China is the world’s largest ammonia producer. According to the national statistics, the
2002 ammonia production had reached 36.54 million metric tons and that of 2003
increased further to 37.5 million tons. It is expected that the ammonia production in
China will continue to increase at a rate of 2~3% per annum in the coming decade.
China’s energy resource is characterized by “abundant in coal, in-sufficient in gas and
shortage in oil”. Coal accounts for 68% of the total energy consumption, oil accounts for
23.6%, natural gas accounts for 2.5%, hydro and nuclear power accounts for 6.9%
(2001). Even through the exploitation of natural gas is enhanced and large gas fields
have been found in recent years, due to strong gas demand from residential and other
industries, natural gas supply is not enough to meet the demand of ammonia industry.

By : Zhijian LI,

National Petroleum and Chemical Planning Institute (NPCPI), China

INTRODUCTION

China is the world’s largest ammonia producer. According to the national statistics, the
2002 ammonia production had reached 36.54 million metric tons and that of 2003
increased further to 37.5 million tons. It is expected that the ammonia production in
China will continue to increase at a rate of 2~3% per annum in the coming decade.
China’s energy resource is characterized by “abundant in coal, in-sufficient in gas and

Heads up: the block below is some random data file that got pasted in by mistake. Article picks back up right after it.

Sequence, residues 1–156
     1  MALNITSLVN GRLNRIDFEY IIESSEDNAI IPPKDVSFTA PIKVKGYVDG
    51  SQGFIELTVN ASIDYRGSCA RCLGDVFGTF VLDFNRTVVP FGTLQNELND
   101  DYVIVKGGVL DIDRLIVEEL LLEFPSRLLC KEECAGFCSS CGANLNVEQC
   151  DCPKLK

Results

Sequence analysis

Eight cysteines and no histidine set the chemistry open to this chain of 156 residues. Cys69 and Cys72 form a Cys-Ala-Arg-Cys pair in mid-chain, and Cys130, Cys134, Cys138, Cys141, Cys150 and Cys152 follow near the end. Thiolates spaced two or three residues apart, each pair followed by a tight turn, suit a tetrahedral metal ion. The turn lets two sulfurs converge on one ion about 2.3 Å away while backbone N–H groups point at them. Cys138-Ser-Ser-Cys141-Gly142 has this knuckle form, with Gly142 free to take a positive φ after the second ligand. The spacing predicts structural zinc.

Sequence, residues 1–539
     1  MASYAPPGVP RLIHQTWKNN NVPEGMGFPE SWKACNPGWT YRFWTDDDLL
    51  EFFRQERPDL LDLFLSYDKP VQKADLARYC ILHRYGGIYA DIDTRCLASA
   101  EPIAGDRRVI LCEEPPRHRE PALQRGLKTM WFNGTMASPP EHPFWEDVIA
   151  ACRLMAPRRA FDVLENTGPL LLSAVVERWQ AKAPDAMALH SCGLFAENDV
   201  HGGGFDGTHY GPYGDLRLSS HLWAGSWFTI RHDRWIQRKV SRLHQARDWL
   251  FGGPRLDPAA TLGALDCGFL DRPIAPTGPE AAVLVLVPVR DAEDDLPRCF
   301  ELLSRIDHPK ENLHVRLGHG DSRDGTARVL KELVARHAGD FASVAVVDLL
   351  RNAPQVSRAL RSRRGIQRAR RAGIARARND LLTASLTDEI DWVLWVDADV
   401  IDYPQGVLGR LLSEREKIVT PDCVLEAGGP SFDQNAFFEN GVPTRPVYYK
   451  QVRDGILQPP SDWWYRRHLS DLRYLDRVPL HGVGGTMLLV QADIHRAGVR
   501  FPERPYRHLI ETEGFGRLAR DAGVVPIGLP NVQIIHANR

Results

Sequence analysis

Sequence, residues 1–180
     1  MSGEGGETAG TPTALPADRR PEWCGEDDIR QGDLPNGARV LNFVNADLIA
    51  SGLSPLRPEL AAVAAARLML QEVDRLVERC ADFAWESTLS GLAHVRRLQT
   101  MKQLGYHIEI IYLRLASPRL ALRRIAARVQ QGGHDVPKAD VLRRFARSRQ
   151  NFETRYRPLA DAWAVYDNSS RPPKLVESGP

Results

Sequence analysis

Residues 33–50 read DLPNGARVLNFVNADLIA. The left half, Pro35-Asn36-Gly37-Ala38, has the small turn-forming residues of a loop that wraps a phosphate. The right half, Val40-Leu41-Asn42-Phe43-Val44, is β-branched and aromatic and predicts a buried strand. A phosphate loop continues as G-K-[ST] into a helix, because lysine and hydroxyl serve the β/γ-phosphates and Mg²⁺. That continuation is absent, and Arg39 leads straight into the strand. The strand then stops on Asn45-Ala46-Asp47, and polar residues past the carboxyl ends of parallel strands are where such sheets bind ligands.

shortage in oil”. Coal accounts for 68% of the total energy consumption, oil accounts for
23.6%, natural gas accounts for 2.5%, hydro and nuclear power accounts for 6.9%
(2001). Even through the exploitation of natural gas is enhanced and large gas fields
have been found in recent years, due to strong gas demand from residential and other
industries, natural gas supply is not enough to meet the demand of ammonia industry.
Twenty years ago, during the planning economy system, the policy for the development
of the ammonia industry is to encourage plants of all feedstocks: coal, oil and gas, due
to the strong demand for fertilizers. Oil and gas accounted for ~20% in the ammonia
feedstock respectively in 1980’s, and coal accounted for 60%. Since 1990’s, the market
economy reform started and oil-based plants gradually lose their competitiveness due
to the liberation of oil prices and withdrawal of subsidiary. Today, oil-based ammonia
capacity only accounts for 10% of the total and coal increased to 70%, while the natural
gas keeps the same 20% as before.
During past 50’s years, China built the world’s largest ammonia industry chiefly on coal
material, and mostly on domestic technologies for ammonia production. China
accumulated a lot of experience on coal-based ammonia plants. The coal-based
ammonia technologies keep improving today and in the future. I hope this paper will be
interesting to the world ammonia industry and especially to countries that lack cheap
natural gas.

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